Nyquist, J. D., & Sprague, J. (1998). Thinking developmentally about TAs. In M. Marincovich, J. Prostko, & F. Stout (Eds.), The professional development of graduate teaching assistants. Boston, MA: Anker.
This article describes refinements in a developmental approach to understanding how graduate students become effective teachers. The model described proposes three stages that TAs seem to move through: senior learner, colleague-in-training, and junior colleague. Changes from stage to stage can be charted along four dimensions, revealed in their talk about their teaching concerns, their discipline, their relationships to students, and their relationship to authority. In refining their framework, the authors stress the essential role each stage plays, that TAs' development is neither linear nor smooth, that the role of affect cannot be minimized in understanding TA development, and that meaningful TA development entails development of reflectiveness.
Nyquist, J. D., Manning, L., Wulff, D. H., Austin, A. E., Sprague, J., Fraser, P. K., Calcagno, C., & Woodford, B. (1999, May/June). On the road to becoming a professor: The graduate student experience. Change, 31(3), 18-27.
This interim report summarizes results of an ongoing qualitative, multi-site research project examining how graduate students developinto faculty members. Three refrains emerge most consistently as students discuss their experiences: the tensions they experience in adapting to the values embodied in higher education, the mixed or ambiguous messages they receive about priorities in the academy, and the implicit and explicit pleas for support evident in many of the stories they tell. Few of the students exhibit a real sense of what life in the academy as a teaching scholar and faculty member is like. Participants' reports show how little has changed in terms of their preparation for the various roles that faculty members must fill. Structural issues such as universities' desperate need to generate research dollars regardless of the cost to graduate education and the growing demand for TAs to teach service courses despite departments' limited supervision and mentoring capabilities, make it difficult to effect meaningful reform.
Reis, R. M. (1997). Tomorrow's professor: Preparing for academic careers in science and engineering. New York: IEEE Press.
This publication is designed to help graduate students prepare for, find, and succeed at academic careers in science and engineering. It examines the full range of North American four-year academic institutions.
Richlin, L. (1995). Preparing the faculty of the future to teach. In W. A. Wright (Ed.), Teaching improvement practices: Successful strategies for higher education (pp. 255-282). Bolton, MA: Anker Publishing.
This is a discussion of the lengthy history of efforts to enhance the teaching abilities of new faculty. The attempts ranged from wholesale reform, notably the Doctor of Arts degree, to the currently most widespread: the teaching assistantship. Review of these programs indicates that some methods of working with TAs are more effective than others. The discussion concludes with recommendations on how graduate education can address the adequate preparation of future faculty.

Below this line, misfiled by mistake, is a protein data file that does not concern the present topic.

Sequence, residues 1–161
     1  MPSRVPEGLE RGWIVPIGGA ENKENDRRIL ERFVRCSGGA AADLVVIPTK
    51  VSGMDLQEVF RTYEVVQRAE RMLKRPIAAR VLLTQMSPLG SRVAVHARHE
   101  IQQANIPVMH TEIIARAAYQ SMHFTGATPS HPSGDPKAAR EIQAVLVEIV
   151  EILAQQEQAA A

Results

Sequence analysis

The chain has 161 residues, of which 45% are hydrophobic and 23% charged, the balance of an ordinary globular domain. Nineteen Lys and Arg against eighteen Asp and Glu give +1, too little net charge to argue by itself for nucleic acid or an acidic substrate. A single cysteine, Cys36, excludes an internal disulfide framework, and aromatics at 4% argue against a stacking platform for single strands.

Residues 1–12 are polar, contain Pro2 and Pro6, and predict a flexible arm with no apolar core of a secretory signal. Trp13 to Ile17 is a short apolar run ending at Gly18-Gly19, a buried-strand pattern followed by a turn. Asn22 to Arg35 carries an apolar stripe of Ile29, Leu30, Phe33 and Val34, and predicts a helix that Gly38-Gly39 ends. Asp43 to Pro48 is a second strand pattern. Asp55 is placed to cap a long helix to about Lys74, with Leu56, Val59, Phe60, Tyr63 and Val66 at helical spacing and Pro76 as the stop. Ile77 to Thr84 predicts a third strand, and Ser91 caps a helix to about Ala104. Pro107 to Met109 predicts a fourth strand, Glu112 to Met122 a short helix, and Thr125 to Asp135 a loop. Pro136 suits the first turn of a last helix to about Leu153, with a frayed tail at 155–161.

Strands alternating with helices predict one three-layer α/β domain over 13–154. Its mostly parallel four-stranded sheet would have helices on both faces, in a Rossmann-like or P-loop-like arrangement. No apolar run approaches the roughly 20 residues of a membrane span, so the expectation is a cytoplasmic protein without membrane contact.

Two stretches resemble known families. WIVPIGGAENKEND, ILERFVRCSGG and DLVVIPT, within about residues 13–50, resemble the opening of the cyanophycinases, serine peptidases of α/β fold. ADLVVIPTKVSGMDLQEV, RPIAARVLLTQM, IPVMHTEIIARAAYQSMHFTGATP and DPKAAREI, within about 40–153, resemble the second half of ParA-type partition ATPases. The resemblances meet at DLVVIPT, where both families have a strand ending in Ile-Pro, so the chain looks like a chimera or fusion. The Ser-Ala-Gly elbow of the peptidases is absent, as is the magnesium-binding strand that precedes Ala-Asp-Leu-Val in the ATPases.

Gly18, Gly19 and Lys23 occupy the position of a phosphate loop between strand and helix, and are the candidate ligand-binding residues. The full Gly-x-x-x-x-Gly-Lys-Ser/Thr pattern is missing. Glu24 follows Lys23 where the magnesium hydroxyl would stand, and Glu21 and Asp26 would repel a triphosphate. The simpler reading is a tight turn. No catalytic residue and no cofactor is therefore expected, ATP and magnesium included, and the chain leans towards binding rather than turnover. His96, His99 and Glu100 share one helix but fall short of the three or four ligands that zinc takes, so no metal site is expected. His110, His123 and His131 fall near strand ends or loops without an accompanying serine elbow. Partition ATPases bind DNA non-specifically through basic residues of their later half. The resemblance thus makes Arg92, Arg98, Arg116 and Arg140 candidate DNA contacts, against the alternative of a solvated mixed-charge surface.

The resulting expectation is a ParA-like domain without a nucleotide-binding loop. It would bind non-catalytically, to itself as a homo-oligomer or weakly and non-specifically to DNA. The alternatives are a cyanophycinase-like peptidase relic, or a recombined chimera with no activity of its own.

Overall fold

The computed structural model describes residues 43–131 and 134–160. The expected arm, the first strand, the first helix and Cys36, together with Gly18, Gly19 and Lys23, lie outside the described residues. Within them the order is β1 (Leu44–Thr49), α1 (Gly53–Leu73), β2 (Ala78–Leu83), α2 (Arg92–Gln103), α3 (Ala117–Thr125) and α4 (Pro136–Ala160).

Schuster, J. H. (1993). The environment for faculty and their development as teachers. In M. Weimer (Ed.), Faculty as teachers: Taking stock of what we know. Pennsylvania State University: National Center on Postsecondary Teaching, Learning, and Assessment.
This essay argues that (despite advances in recent years) graduate schools have not yet accepted the development of teaching as a significantly high priority. Summarizing lessons learned from a decade spent studying faculty issues, the author finds that American colleges and universities generally do a poor job of enabling faculty members to play to their respective strengths and preferences, holding all of them to the same imitative expectations. It is suggested here that faculty will be more likely to prioritize teaching when the academic marketplace becomes more receptive to integrative alternatives to traditional "discovery"-oriented dissertations; additional suggestions for addressing this concern are offered.
Schuster, J. H. (1993). Preparing the next generation of faculty: The graduate school's opportunity. In L. Richlin (Ed.), Preparing faculty for the new conceptions of scholarship (pp. 27-38). New Directions for Teaching and Learning, No. 54. San Francisco: Jossey Bass.
This chapter argues that Graduate Schools can and should strive to exert much more influence than they ordinarily do in the preparation of future professors. Forecasting a period of massive new faculty hiring, the author concludes that graduate schools must assist the academic departments in transmitting the body of knowledge and research methodologies crucial to the preparation of new professors &endash; harnessing the capacities of campuses to teach about higher education, transmitting the ethos of the academic workplace, and passing on the culture and ethics of the profession.
U. C. Berkeley. (1995, Fall). Moving toward professional-ism. The Graduate, 11(2). [On-line]. Available:
Association conferences offer graduate students opportunities to begin building professional networks, to present and hear about fresh research, to reinforce their professional identities, and to broaden their research and career perspectives. This article offers nuts-and-bolts advice to graduate students concerning successful participation in their professional associations. It addresses such topics as what types of material to present, how to dress, how to mingle, and what to expect from conference job interviews.
Wilson, R. (1998, October 30). Universities scramble to find teachers of freshman composition. Chronicle of Higher Education, A12-A14.
This article notes that as English Ph.D. departments shrink while freshman classes grow to record enrollments, some universities are allowing graduate students from disciplines other than English to teach freshman composition. Some who believe good writers are found throughout the university have tended to respond positively while others fear that the practice hurts morale among English doctoral students and erodes English as a discipline. Wilson comments additionally that the debate over whether TAs should be viewed as employees or graduate students is fueled and becomes more complicated when TAs work outside their own disciplines.